With the new Xbox One console only weeks away from launch, Microsoft is doing its best to quell concerns that the new Kinect motion and voice sensor will be spying on users and storing important, sensitive information. [More]
The folks at Hasbro have never had a problem letting everything from towns to universities to movies to big-name commercial brands slap their names on licensed versions of Monopoly, but a new version of the classic board game is unabashedly all about learning the value of today’s biggest fast food, retail, tech, and entertainment companies — everything a growing child needs to get ahead! [More]
A couple weeks back, Microsoft’s Don Mattrick defended the Xbox One’s most controversial aspects — and irking a number of military personnel in the process — by saying that people who wanted to play a video game console without connecting to the Internet could just buy an Xbox 360. He then had to take it all back when the company decided it didn’t want to lose customers to Sony. Now Mattrick is jumping off the U.S.S. Microsoft to go tend virtual fields as the CEO of another much-derided gaming company, Zynga. [More]
Earlier this week, Microsoft finally got around to showing off Xbox One, the console some gamers have been waiting for since the Xbox 360 came out eight years ago. The company made sure to highlight all the cool bells and whistles of the upcoming device, but also skipped over a number of issues that are already giving some folks reason for concern.
It’s been eight years since Microsoft launched the Xbox 360, a wildly successful gaming console that has gradually evolved into a home entertainment hub for many users. Today, the company finally got around to releasing details of the “Durango” project, its code name for the next generation of the Xbox. [More]
In a world where game makers are releasing titles that demand players always be connected to the Internet or just not play, it’s not surprising that fans of Microsoft’s XBox were worried that the next iteration would also require a constantly-on connection. According to a leaked internal Microsoft email, that won’t be the case. Cue rejoicing.
For brick-and-mortar retailers, getting customers to walk into their stores has always been a challenge. Today, it’s even more so. But the secret to success in the third decade of the e-commerce era probably isn’t making digital downloads “In-Store Purchase Only.””I wanted to buy some Microsoft points for Xbox…..ummm, I’m not quite sure I understand this one Best Buy,” reader Aaron writes. “Digital Download in-store?”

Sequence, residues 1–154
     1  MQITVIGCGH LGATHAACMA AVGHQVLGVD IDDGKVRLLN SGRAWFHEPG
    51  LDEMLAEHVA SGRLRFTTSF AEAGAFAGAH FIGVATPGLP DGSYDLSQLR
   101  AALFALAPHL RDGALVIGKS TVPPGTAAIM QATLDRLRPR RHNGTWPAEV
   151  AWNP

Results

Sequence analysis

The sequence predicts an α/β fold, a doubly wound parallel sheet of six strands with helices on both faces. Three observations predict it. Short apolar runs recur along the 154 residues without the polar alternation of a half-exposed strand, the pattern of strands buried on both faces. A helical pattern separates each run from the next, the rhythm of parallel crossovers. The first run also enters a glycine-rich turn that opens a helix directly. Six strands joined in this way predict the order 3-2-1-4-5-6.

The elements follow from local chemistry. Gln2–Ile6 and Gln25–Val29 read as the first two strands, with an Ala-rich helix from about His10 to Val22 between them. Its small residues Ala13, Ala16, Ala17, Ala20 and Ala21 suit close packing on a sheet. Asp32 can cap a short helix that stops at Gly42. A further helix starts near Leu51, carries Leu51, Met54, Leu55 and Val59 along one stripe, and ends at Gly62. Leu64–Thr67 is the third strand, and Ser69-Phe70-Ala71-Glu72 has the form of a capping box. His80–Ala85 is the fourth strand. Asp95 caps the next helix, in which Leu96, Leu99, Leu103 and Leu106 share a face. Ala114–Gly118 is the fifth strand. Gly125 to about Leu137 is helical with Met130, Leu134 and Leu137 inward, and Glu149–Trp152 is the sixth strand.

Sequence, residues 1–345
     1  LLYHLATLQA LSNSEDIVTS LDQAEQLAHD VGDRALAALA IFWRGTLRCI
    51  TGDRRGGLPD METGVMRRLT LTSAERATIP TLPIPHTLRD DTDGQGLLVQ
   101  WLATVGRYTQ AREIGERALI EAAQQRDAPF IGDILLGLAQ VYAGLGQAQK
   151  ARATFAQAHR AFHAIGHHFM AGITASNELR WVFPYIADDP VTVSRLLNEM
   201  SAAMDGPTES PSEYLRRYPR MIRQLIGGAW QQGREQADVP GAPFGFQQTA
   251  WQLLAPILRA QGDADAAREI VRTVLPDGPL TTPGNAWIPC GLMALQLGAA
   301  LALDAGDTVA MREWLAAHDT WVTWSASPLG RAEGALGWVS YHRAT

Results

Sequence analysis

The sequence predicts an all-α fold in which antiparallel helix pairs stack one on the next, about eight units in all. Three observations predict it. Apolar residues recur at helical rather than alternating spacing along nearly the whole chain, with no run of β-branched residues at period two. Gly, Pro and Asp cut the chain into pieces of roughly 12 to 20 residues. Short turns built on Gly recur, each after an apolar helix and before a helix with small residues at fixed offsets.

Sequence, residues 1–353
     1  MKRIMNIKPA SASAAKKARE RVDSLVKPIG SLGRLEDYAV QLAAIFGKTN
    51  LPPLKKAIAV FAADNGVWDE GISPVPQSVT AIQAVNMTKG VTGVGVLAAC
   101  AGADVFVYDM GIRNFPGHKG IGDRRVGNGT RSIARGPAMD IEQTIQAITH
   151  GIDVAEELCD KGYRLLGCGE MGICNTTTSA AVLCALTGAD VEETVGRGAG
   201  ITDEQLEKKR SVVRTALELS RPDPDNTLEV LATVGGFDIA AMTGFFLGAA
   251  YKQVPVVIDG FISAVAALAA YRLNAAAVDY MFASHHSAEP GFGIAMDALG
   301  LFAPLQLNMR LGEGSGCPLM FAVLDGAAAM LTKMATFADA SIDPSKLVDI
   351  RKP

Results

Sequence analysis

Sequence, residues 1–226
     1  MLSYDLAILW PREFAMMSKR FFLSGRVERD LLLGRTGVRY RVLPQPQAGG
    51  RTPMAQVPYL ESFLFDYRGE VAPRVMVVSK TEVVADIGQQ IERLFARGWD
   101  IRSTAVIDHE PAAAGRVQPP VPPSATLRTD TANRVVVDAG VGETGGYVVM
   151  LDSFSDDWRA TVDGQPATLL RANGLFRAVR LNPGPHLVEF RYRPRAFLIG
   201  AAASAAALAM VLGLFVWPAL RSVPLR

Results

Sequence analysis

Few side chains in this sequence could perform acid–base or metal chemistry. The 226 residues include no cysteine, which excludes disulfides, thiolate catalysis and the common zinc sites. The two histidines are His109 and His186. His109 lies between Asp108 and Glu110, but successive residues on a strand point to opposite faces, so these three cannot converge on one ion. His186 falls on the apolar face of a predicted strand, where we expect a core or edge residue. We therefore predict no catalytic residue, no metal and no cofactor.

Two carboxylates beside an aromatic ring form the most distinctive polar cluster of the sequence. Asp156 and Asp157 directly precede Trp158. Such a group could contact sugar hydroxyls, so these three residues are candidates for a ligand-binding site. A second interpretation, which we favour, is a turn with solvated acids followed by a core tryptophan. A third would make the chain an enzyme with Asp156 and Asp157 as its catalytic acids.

Earlier this week, a Microsoft Studios creative director stepped into a huge, flaming virtual bag full of doo-doo when he decided to make his case for always-online gaming, and possibly gave away information about the next generation of Xbox in the process. Today, Microsoft has had to issue a “don’t listen to that guy” statement. [More]
Next Xbox May Require Internet Access At All Times, Microsoft Creative Director Doesn’t See The Problem
After a mediocre showing in the last few Worst Company In America tournaments, Microsoft seems intent on making sure the next generation of its Xbox gaming console earns it a top seed in next year’s bracket. [More]
Among the readers and tipsters of Consumerist are a brave band of explorers on a sacred mission to advance human knowledge. Their quest: to find really, really old crap sitting on the clearance rack at Walmart, and take photos so we can laugh at it. They are the Raiders of the Lost Walmart. Here are their latest finds from the field. [More]
What’s better than an apology? An apology with some free stuff thrown in to sweeten the pot and turn those frowns upside down. Microsoft is apologizing for a recent cloud outage that left Xbox Live users hanging with nary a way to access their saved games and will treat users to a free month of membership to try and make up for it. [More]
With Misty’s order for the Halo 4 Xbox console and a limited edition of the new game, she got a bunch of codes for downloadable content to be used inside the game. In previous editions, some of that kind of content was available to all users of the console it was downloaded to. But no matter what the restrictions actually say, for Halo 4 the content is restricted to the gamertag that downloaded it. She didn’t want one account to hog all of the good stuff.
People want free stuff. Cable companies need new customers. Best Buy really, really needs shoppers to set foot in its stores. These three facts have all resulted in a promotion that has TWC offering up free Xbox 360s to new customers who sign up for its Triple Play package while visiting Best Buy. [More]
Rhoda wanted to get the new Halo 4 edition of the Xbox 360, and she wanted to get it from Sam’s Club. Presumably, she’s a member, and she says that she has ordered online from Sam’s before. But something about this transaction made the store’s computers unhappy, and the order wouldn’t go through. She called up the company to verify the order and tried again, only to face even more rejection.
It’s just a hunch, but we’re pretty sure this important message is not from a real “Xbox Modiator.” [More]
Be still, our Star Trek-loving hearts! Microsoft has reportedly filed a patent for some kind of technological equipment that looks a lot like the experience offered by the holodecks onboard the starship Enterprise. For those not in the Star Trek: The Next Generation (and later Trek iterations), these were essentially empty rooms that could be programmed with any experience the user wanted, including who they wanted there and in what setting. A fantastical scientific future — and maybe now close to reality.